I won! I won! I won the lottery! Seven dollars on a $10 ticket. I’m taking it as a lump sum, not that they even asked my preference. Now I’m cleaning the living room so it won’t look like a pigsty when the photographers arrive.
I can’t tell you how long I’ve dreamed of this moment. I am the original guy who never wins anything, but finally, all those years of buying lottery tickets each week has paid off.
It’s not like I’ve been throwing that money away. A lot of it goes to keep the state from raising my taxes to pay for things like lottery commissioners, and what’s left goes to our educational system, which needs improving.
Why, oh why, was I never taught how to calculate the odds of winning the lottery? If I buy two tickets, does it double my chances of winning?
“If you play the same numbers on two tickets, and why would you, your odds stay the same,” says Sue, who actually paid attention in school. “If you play two tickets with different numbers, you have a gazillion ways to lose but only two ways to win. At the track, a dead horse could get better odds than that.”
Instead of practical math, I took band in school and dreamed of turning professional. But the days of making the big money playing the glockenspiel have gone the way of buckled shoes and powdered wigs, though I still wear them around the house.
Don’t worry; winning won’t change me. I’m not going to quit my job and start lording it around like I’m the king of the world. I’m the same today as I was the day before I won, just $7 richer. Most people might not even notice the difference, that’s how grounded I am.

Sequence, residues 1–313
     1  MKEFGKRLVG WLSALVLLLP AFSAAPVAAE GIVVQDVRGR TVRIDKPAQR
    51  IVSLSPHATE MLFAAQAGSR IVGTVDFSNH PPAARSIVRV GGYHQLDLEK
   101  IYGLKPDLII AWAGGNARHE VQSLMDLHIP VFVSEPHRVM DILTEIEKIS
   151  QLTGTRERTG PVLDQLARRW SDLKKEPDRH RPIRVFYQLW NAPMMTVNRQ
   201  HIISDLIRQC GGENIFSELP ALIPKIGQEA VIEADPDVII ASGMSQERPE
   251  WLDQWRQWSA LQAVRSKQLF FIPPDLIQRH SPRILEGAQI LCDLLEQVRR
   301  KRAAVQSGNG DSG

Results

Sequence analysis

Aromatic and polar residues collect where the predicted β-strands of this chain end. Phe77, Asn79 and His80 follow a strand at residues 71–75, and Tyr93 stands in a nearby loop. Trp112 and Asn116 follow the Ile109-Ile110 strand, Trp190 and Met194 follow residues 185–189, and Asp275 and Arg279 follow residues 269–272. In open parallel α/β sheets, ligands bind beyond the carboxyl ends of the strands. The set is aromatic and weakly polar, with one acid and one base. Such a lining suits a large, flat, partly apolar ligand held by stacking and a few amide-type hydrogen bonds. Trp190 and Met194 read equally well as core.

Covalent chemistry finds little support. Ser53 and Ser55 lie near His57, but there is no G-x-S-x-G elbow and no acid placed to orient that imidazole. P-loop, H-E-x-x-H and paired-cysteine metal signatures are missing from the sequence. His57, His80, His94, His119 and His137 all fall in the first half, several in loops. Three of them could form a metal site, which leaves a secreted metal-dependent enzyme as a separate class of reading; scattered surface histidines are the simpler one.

By the way, I have a new unlisted number. I don’t want to answer a bunch of nuisance calls from relatives now that I’m a winner. Too many people had my old unlisted number. And by too many people, I mean my family. Who gave it to them?
A lot of people ask how I picked the numbers. Is there a system I use? No, it was pretty much dumb luck. Sue’s birthday, my first address, the last two digits in my Social Security number. I don’t know if that will work for you, but it sure worked for me.
Was I disappointed I didn’t win the grand prize? Not until I learned I hadn’t won it. Before that, I was happiness itself. For the two days I had the ticket in my pocket, I daydreamed about what I’d do with hundreds of millions of dollars. Oh, I’d spend a little on myself — take a few trips, find out what the first-class compartment on a plane looks like, buy a new car, fix up the house, start making glockenspiel records — but that would still leave, oh, $150 million. I’d send some off to my brothers and sisters, give some to friends who had fallen on hard times, make some anonymous donations. I daydreamed about making people happy, like some good lottery fairy godmother — dropping out of the sky and doling out $10,000 here, $5,000 there. I would be a force for good; I would change lives in profound ways.
Just daydreaming about winning made me a nicer, happier, more cheerful person for those two days. For $10, I got two days of happiness, which, compared to going to a movie or going bowling, seemed to be a bargain. It’s way, way cheaper than seeing a therapist. And what difference does it make if I win or not? No one expected me to drop out of the sky and solve all the world’s problems anyway.
I’m wondering now if I can get the same effect if I spend only $5 a week. To go out and buy hundreds of dollars of lottery tickets I can’t afford would be foolish, but to spend a few bucks to improve my attitude?
Sue would think it was a bargain. She might even give me the money.